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Oscar Predictions 2019: Who Will Win, Who Should Win, and Who Should Have Been Nominated

The craziest awards season in … maybe ever will finally come to a close on Sunday when the winners for the 91st Annual Academy Awards are announced. As weird as the year has been in terms of the actual show (Kevin Hart! Awards During Commercials!), the awards themselves have reflected the WTF nature of the program. Usually, Oscar pundits can look at what are called the precursor awards—the critics groups, the Golden Globes, the guilds – and have a pretty good idea what’s going to win. Not this year. Good luck using the guilds to win your Oscar pool because, for the first time ever, all of them went to a different film. The actors went with “Black Panther,” the directors went with “Roma,” the producers went with “Green Book,” and the writers went with “Can You Ever Forgive Me?” and “Eighth Grade,” which wasn’t even nominated for Best Screenplay at the Oscars

To say this year is unpredictable would be a massive understatement. With that in mind, my predictions below (with some of my thoughts all the way down to technical categories) of what “Will Win” are as conservative as they can possibly be. When things get this haywire, it’s often logical to try to take the only clear route you can see. In other words, some of these will be wrong. Probably more than most years. And if you really want to win your Oscar pool, you should use this as a base and then try to find the 2-3 that go unpredictable. Good luck.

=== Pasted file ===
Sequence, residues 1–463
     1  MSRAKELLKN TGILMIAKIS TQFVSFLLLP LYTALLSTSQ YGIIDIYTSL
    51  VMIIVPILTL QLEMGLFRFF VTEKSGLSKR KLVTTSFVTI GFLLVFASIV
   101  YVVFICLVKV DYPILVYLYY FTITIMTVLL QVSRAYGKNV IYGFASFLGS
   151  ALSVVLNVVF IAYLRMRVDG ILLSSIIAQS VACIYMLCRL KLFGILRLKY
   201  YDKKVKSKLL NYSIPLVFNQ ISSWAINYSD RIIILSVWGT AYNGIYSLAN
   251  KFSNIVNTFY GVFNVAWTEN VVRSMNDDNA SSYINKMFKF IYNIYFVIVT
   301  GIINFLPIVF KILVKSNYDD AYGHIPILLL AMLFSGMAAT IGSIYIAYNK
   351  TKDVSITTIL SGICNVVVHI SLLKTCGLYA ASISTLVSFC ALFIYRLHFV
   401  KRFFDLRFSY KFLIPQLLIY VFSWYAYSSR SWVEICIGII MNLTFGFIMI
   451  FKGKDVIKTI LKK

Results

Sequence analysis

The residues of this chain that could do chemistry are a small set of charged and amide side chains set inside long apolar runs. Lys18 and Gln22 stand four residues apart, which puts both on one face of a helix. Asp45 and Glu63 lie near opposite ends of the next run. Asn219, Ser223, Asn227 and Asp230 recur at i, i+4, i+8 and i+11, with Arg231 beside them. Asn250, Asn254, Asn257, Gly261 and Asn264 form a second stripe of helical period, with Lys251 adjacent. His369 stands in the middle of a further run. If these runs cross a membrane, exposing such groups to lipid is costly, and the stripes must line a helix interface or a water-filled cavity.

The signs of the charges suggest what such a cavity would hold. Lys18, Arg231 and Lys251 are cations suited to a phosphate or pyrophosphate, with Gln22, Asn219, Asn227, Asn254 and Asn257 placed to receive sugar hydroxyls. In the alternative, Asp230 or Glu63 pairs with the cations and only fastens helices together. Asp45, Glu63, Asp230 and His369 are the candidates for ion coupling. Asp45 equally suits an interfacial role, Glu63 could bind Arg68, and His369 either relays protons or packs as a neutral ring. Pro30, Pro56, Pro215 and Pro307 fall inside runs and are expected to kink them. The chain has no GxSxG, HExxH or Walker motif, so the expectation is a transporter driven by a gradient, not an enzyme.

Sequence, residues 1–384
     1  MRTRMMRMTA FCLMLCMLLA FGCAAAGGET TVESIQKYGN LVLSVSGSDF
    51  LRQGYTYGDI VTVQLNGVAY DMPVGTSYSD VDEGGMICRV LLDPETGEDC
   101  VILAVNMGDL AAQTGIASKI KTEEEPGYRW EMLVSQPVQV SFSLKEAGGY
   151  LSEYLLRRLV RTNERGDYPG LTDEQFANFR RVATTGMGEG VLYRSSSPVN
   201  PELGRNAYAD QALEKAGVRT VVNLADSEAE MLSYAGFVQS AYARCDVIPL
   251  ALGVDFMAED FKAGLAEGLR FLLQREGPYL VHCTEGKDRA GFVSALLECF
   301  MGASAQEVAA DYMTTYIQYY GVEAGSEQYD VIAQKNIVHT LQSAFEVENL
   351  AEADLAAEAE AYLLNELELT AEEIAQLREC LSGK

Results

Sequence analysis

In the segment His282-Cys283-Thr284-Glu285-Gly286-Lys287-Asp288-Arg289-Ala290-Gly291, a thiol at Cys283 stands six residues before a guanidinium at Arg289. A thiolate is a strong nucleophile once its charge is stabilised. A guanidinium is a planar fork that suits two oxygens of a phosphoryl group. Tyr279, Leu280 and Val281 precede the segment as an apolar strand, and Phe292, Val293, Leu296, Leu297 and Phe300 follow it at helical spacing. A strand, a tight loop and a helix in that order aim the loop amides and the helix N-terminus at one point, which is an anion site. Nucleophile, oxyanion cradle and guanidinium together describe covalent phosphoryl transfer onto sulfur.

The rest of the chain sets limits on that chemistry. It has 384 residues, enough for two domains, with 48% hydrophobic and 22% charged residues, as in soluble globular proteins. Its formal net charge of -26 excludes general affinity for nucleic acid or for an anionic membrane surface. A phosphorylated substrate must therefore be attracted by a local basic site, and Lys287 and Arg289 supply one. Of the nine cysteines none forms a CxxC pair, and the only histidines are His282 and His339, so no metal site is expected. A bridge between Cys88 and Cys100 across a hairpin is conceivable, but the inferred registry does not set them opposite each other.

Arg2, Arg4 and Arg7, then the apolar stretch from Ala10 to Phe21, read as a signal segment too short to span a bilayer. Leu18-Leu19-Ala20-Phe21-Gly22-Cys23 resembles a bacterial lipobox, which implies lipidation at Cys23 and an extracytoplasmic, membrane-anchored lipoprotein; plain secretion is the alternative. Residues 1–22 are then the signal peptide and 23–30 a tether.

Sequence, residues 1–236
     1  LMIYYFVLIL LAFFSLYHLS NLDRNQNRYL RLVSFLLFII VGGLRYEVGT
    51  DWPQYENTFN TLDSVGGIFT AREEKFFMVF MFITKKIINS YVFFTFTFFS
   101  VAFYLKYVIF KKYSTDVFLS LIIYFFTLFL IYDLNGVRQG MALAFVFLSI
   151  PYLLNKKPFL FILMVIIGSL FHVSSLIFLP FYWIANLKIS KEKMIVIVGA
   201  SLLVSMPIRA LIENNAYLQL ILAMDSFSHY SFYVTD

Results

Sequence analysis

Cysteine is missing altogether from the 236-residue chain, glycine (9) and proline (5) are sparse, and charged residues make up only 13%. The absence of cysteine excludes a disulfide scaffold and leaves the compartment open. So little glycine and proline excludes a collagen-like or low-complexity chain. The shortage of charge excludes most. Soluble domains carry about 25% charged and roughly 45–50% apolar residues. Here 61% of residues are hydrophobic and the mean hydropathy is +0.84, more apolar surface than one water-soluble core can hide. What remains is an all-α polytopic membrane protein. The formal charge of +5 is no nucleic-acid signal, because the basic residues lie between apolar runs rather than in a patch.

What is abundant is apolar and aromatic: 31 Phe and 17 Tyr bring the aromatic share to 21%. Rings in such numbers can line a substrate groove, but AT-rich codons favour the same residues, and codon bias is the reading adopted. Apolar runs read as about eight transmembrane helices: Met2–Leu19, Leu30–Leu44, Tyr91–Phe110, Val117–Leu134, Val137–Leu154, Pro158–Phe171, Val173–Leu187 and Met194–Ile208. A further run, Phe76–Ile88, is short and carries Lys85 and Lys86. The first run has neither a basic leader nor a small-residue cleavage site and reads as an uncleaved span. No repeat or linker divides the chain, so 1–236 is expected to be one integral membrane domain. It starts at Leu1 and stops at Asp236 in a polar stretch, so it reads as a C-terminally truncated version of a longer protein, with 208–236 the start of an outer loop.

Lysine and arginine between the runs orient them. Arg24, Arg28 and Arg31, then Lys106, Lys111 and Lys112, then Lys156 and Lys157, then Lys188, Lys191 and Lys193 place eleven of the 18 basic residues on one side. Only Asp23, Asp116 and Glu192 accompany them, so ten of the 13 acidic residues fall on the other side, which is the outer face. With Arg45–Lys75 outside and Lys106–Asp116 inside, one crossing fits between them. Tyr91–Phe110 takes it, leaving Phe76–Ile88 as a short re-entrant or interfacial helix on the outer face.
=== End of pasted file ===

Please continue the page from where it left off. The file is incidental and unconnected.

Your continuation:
Most years, this race comes down to two, maybe three, films that could possibly win. Think “The Shape of Water” vs. “Three Billboards Outside Ebbing, Missouri” or “La La Land” vs. “Moonlight.” This year? There’s legitimately SIX movies that could win this. A win for “Bohemian Rhapsody” or “Vice” would be a stunner, but the other six would not. The Screen Actors Guild has the most in-common body with the Academy and they went with “Black Panther.” The producers loved “Green Book,” and it feels like an Oscar winner from a half-century ago. Could you really deny the possibility that the crowd favorite “A Star is Born” sneaks through and takes the big prize? It’s possible. And yet I come back to the idea that when things are this close that overall quality will win out. I hope so. I’m not strong enough for what it means if “Green Book” wins.

Will/Should Win: “Roma”

Should Have Been Nominated: “If Beale Street Could Talk